That is so great to hear 🙂 One of our biggest regrets is that for a long time we believed the ED’s lie that we could handle things on our own. But it wasn’t until we got help that recovery became realistic for Kate. There is absolutely NO shame in asking for help. You are not alone and you don’t need to feel like you are. We’ll be posting something soon about realising we needed help, so keep an eye out for that and please let us know how things are going—you inspire us with your bravery!

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  2. Jess Carey says:

    SO much of what you’ve written is EXACTLY what’s going on in my head! And I’m sure I’m not the only one! I’ve just started my “road to recovery” (not anorexia, but depression/anxiety/disordered eating) and couldn’t have found this post at a better time, thank you for what you’ve written, particularly about tearing ourselves to shreds when we don’t live up to our own ridiculous standards… struggling MASSIVELY with that!!! Congratulations on all of your progress though! xo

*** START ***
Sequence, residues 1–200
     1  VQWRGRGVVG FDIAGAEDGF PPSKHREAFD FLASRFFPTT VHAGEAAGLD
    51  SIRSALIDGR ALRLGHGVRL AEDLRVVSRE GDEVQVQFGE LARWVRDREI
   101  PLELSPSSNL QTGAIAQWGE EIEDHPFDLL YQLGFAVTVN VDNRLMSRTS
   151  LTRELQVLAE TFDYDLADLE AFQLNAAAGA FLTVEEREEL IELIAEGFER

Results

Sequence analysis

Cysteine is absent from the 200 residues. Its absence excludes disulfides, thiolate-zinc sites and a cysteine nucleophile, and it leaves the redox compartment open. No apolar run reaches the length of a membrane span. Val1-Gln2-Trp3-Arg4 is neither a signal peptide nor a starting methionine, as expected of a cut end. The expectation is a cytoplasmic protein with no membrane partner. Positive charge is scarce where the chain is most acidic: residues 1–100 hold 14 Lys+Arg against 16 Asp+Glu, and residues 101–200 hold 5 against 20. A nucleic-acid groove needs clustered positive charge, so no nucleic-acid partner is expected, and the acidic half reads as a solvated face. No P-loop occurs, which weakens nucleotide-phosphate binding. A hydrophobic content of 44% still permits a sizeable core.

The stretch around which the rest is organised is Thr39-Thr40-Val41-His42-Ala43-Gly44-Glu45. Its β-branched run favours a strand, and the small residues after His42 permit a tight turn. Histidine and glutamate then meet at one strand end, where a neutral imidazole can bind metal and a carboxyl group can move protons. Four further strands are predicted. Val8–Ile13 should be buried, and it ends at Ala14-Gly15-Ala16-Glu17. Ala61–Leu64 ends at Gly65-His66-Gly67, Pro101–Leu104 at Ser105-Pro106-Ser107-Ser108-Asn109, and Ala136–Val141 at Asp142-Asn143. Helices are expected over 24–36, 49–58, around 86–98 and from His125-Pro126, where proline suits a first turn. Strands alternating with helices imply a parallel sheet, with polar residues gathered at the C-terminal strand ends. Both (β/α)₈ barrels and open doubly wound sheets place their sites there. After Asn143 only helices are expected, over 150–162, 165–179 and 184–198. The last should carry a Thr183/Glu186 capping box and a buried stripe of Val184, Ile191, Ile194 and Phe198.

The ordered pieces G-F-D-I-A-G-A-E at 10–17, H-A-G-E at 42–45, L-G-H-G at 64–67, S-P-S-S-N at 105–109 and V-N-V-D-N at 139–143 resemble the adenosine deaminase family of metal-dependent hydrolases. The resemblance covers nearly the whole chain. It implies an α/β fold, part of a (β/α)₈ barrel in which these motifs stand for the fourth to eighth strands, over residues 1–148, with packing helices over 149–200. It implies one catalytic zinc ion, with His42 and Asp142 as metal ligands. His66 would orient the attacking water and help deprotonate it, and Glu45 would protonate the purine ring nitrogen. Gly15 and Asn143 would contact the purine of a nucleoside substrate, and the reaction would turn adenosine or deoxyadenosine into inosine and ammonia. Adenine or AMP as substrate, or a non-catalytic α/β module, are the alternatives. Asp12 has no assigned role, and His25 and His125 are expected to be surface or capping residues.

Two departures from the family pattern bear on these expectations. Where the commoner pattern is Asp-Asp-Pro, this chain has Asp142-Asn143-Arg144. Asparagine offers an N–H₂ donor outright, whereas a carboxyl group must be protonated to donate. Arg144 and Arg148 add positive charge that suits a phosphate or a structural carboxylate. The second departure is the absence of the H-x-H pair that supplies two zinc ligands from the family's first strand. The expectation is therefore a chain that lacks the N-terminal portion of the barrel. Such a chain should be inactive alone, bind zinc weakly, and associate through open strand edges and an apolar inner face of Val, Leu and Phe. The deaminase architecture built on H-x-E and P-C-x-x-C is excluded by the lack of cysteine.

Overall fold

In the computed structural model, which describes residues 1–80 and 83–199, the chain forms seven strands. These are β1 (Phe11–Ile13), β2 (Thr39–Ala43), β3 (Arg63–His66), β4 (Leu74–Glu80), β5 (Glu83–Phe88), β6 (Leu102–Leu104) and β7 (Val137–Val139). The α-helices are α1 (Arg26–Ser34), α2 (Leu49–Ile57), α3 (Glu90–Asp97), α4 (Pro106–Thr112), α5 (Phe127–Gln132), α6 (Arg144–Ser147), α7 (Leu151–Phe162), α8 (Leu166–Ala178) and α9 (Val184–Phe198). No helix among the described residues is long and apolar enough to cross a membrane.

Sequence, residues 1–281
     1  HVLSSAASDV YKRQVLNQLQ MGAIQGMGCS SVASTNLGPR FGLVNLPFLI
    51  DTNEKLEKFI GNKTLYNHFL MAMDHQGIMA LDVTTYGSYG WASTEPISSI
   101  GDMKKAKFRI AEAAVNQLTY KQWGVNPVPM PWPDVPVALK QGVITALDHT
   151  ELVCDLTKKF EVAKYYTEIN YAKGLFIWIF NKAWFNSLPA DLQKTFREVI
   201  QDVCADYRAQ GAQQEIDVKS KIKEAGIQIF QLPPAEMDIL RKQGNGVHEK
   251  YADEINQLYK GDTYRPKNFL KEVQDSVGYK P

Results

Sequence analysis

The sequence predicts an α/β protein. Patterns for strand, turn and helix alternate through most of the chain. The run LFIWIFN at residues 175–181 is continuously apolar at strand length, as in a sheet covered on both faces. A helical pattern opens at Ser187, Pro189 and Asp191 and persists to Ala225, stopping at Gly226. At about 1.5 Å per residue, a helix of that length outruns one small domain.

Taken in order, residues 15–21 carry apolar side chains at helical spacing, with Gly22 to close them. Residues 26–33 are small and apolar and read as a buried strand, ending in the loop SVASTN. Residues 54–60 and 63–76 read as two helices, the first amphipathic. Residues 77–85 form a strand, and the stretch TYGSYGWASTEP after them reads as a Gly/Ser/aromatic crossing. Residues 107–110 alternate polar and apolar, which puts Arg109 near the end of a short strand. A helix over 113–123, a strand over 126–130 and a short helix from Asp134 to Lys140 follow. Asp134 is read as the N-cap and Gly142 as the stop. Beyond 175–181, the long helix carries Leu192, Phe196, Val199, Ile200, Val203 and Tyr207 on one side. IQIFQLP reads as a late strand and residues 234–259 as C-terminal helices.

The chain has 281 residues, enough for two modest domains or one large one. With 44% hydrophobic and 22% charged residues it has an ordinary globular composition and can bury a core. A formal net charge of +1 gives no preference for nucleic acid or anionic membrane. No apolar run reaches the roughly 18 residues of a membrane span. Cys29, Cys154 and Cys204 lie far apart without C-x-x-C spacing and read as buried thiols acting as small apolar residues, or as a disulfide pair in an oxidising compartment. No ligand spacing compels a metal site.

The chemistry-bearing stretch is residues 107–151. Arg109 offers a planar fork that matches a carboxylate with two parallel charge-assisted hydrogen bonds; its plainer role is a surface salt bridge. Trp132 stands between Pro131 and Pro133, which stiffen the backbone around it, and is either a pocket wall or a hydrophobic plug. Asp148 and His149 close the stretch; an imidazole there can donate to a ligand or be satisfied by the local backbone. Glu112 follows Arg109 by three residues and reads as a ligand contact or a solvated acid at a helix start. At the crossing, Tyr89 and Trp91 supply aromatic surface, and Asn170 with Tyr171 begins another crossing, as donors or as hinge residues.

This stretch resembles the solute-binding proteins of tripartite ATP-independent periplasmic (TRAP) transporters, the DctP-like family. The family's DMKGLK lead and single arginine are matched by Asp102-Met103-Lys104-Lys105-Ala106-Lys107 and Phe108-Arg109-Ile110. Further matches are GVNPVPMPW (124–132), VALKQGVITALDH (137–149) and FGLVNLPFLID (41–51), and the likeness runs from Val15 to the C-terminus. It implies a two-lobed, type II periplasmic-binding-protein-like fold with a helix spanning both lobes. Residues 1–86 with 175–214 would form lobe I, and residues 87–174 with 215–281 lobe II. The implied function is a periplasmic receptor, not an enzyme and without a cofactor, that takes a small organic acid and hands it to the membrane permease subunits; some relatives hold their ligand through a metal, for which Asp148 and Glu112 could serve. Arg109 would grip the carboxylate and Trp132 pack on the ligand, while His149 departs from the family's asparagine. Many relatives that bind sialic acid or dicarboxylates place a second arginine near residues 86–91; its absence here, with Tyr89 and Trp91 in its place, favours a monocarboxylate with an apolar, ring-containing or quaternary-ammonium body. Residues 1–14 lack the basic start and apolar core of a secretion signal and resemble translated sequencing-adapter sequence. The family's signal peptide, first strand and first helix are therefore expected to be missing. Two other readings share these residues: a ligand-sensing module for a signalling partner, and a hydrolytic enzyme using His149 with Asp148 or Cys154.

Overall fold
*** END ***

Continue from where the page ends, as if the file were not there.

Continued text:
Liked by 1 person

    • mindfoodly says:

      Hi Jess! We’re so glad you’re on the road to recovery (it can be bumpy but it’s worth it!). Keep being kind to yourself and remember what you’re doing is amazing—don’t let anyone or anything take that away from you! Thanks so much for your message, it really brightened our day 🙂

      Liked by 1 person

    • mindfoodly says:

      Thank you so much! That’s so nice of you to say 🙂 we really appreciate it and it’s so good to see you writing about your experience too. Hopefully you find it as helpful as we do!